Wto Agreement On Subsidies And Countervailing Measures (Scm Agreement)

Article 3 of the agreement prohibits the use of local content and export subsidies for non-agricultural products. Least developed countries (and other countries with GNI per capita of less than US$1,000 in 1990) are exempt from the export subsidy ban (Article 27.2 and Appendix VII of the agreement and paragraph 10.1 of the Doha Ministerial Decision on Implementation Issues and Concerns (WT/MIN(01)/17). Developing countries The SCM agreement recognises three categories of members from developing countries: the least developed countries (LDCs), members with a per capita GNP of less than US$1000 per year, listed in Schedule VII of the SCM Convention, and other developing countries. The lower a member`s level of development, the more favourable the treatment he or she receives for grant disciplines. For example, LDCs and members with a per capita GNP of less than US$1000 per year, listed in Schedule VII, are exempt from the ban on export subsidies. Other developing countries have eight years to end their export subsidies (they cannot increase their export subsidies during this period). With regard to import substitution subsidies, LDCs have eight years and other developing countries have five years to end these subsidies. Achievable subsidies are also treated more favourably. For example, some subsidies related to privatization programmes for members of developing countries cannot be applied multilaterally. With regard to countervailing measures, exporters from developing countries are entitled to more favourable treatment in the event of a closed investigation when the level of subsidies or import volume is low.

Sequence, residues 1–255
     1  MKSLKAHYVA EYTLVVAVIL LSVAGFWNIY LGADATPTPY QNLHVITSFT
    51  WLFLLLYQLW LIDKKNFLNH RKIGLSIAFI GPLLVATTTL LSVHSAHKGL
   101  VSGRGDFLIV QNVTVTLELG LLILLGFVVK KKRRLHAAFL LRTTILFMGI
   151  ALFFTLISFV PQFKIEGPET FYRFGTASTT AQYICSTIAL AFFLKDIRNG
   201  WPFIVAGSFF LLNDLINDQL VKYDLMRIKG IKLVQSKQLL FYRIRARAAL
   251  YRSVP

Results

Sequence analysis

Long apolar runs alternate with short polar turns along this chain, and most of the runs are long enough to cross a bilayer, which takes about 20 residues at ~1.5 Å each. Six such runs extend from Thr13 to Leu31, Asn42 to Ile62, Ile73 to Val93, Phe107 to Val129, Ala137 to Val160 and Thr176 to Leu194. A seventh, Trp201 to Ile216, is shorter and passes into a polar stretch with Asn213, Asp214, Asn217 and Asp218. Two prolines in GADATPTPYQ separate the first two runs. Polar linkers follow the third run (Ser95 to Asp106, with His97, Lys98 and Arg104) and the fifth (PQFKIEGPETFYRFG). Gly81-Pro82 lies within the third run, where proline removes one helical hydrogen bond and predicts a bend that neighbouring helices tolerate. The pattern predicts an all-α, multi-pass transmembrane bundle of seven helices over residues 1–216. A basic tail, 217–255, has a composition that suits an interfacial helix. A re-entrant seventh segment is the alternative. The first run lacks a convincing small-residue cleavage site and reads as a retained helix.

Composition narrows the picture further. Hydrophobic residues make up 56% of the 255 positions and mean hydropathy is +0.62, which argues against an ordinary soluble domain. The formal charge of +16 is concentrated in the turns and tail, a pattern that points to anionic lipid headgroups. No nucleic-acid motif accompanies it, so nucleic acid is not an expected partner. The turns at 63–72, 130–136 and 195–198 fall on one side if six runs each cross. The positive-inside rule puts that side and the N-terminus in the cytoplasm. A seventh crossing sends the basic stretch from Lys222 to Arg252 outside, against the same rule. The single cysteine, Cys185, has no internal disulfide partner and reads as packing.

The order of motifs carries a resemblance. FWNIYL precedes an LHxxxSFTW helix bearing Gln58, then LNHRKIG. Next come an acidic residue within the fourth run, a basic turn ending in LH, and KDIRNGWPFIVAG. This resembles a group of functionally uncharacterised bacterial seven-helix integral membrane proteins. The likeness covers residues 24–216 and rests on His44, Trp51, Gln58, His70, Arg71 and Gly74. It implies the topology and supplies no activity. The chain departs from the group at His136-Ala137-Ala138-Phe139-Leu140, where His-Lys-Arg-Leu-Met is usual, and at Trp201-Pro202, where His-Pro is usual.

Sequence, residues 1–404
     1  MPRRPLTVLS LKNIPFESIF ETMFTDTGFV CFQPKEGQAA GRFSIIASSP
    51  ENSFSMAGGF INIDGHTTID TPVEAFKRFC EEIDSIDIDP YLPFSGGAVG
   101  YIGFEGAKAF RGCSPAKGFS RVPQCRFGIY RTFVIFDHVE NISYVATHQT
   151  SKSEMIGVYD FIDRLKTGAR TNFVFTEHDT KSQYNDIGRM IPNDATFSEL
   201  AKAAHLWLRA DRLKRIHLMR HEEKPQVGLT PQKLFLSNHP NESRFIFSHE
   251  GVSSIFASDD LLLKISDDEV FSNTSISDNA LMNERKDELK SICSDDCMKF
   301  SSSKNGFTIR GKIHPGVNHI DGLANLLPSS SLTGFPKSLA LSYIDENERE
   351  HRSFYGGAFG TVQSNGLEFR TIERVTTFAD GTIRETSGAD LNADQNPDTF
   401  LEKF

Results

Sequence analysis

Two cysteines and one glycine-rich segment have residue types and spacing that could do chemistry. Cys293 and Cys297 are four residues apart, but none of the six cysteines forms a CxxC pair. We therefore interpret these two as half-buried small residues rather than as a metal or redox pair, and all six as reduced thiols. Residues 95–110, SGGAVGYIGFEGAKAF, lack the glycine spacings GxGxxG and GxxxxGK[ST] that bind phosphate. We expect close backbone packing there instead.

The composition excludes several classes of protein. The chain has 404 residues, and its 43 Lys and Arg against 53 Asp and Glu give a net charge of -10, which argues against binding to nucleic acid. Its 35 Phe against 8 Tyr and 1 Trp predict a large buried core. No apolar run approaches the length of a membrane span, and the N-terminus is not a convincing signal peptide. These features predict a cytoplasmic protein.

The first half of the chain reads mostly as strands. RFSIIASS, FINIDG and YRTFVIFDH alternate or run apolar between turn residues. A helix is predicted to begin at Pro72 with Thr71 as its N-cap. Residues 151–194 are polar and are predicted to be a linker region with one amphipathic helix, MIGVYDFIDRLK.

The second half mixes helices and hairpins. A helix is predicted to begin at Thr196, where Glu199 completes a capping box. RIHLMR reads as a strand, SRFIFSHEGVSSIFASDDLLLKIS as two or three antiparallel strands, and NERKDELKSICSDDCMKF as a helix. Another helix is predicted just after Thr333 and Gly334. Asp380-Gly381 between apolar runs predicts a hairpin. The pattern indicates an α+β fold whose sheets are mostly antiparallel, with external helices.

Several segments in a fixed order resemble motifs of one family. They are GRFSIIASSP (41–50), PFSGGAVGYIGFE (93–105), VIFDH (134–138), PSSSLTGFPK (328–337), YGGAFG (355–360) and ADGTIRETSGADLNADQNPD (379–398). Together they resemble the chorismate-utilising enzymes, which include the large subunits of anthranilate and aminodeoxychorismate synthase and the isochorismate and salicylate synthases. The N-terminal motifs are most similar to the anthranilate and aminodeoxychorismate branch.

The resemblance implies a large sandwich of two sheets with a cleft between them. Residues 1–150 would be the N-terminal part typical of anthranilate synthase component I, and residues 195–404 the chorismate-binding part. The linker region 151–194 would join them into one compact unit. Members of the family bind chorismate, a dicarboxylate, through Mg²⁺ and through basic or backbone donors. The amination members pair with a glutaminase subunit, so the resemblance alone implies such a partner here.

The concept of financial participation was only incorporated into the SCM agreement after lengthy negotiations. Some Members argued that there could be no subsidies unless there was a charge on the public account. Other MPs felt that forms of public intervention that do not cost the government, but distort competition and are therefore considered subsidies. The SCM agreement essentially took the previous approach. The agreement requires a financial contribution and contains a list of the types of measures that constitute a financial contribution, such as grants. B, loans, capital inflows, loan guarantees, tax incentives, the provision of goods or services, the purchase of goods. Part I provides that the SCM agreement applies only to subsidies granted specifically to a company or industry or group of companies or industries and defines both the subsidy and the concept of specificity. In Parts II and III, all specific grants are categorized into two categories: prohibited and applicable (1), and they define specific rules and procedures for each category.

Part V defines the physical and procedural requirements that must be met before a member can apply a countervailing measure against subsidized imports.

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